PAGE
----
Arbor acajou vulgo cajou.
IT appears by the description of the anacardium how very improperly it is called a nut, for it is the kernel of a large fruit, though growing in a singular manner. The case is just the same with respect to the Cashew nut, for it is neither a nut nor a bean, any more than the other: but it is necessary to keep to the common names, and it is proper they should be mentioned together.
The tree which produces it is large and spreading; the bark is of a pale colour, rough and cracked, and the wood is brittle. The leaves are half a foot long, and two or three inches broad, blunt at the end, and of a fine green colour. The flowers are small, but they grow in tufts together. The fruit is of the bigness and shape of a pear, and of an orange and purple colour mixt together; the Cashew nut or bean, as it is called, hangs naked from the bottom of this fruit. It is of the bigness of a garden bean, and indented in the manner of a kidney; it is of a greyish colour, and consists of a shelly covering, and a fine white fleshy substance within, as sweet as an almond. Between the two coats of this shell, as between those of the anacardium, there is a sharp and caustic oil, which serves in the same manner as the other to take off freckles, but it must be used with great caution. It actually burns the skin, so that it must be suffered to lie on only a few moments; and even when used ever so cautiously, it sometimes causes mischief.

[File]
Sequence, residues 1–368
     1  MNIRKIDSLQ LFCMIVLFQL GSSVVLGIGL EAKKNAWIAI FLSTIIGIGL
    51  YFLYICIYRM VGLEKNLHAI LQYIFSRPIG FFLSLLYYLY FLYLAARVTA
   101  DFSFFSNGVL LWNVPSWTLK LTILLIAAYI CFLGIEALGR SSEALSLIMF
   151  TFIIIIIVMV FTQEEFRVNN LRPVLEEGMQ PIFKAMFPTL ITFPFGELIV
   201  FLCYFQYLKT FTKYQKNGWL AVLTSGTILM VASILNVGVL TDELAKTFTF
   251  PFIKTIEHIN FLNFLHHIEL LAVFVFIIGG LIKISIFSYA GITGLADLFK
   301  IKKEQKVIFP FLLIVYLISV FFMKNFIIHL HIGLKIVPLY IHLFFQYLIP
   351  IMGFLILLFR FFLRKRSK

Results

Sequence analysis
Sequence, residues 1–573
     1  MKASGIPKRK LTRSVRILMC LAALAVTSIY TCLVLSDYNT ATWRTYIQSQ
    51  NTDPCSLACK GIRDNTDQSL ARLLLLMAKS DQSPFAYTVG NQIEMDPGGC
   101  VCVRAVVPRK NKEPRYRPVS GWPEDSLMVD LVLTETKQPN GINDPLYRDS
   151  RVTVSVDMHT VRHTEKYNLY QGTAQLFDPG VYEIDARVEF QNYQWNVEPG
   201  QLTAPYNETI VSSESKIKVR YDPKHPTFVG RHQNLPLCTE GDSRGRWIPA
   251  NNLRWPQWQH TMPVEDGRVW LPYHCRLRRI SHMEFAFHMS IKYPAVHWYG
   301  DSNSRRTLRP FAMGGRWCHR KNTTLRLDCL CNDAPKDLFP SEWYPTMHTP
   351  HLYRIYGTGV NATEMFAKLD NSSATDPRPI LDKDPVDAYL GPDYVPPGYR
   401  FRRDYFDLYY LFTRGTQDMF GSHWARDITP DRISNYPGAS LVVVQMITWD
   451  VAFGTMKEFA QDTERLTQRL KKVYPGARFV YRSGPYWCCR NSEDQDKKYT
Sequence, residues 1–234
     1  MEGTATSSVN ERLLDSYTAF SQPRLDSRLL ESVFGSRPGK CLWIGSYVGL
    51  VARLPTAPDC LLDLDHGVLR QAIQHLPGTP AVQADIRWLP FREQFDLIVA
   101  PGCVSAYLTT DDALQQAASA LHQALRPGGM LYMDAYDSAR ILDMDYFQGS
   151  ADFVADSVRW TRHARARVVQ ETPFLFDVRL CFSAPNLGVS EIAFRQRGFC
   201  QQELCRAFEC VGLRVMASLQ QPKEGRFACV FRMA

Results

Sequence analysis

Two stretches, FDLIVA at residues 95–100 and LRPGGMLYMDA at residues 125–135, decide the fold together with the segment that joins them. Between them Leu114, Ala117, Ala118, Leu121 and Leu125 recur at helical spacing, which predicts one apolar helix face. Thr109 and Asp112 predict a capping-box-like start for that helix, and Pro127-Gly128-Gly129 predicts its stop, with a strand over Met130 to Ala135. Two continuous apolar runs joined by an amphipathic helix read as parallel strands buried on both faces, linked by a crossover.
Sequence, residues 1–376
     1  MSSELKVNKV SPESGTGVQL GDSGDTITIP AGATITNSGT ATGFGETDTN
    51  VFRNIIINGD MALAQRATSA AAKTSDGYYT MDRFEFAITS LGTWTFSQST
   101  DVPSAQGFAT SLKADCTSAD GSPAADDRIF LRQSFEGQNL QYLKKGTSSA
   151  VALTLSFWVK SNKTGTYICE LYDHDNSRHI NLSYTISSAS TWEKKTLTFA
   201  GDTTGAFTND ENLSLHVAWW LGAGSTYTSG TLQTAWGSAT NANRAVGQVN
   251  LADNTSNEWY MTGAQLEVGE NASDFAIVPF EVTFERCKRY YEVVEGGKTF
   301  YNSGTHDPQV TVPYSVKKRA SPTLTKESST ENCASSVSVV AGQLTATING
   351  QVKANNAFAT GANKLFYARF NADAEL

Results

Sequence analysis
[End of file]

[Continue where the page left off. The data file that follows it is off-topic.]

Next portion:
The Family Herbal, 1812, was written by John Hill.